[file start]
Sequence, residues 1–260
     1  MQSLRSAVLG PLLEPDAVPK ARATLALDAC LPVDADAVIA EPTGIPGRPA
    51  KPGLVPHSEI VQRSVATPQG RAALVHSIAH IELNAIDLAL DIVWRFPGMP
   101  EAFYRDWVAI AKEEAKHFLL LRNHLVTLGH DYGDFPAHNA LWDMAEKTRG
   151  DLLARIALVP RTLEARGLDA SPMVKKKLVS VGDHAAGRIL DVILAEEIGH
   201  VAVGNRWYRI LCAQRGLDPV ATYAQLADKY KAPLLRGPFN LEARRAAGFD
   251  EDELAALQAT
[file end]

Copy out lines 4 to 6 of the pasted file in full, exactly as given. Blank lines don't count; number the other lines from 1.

   101  EAFYRDWVAI AKEEAKHFLL LRNHLVTLGH DYGDFPAHNA LWDMAEKTRG
   151  DLLARIALVP RTLEARGLDA SPMVKKKLVS VGDHAAGRIL DVILAEEIGH
   201  VAVGNRWYRI LCAQRGLDPV ATYAQLADKY KAPLLRGPFN LEARRAAGFD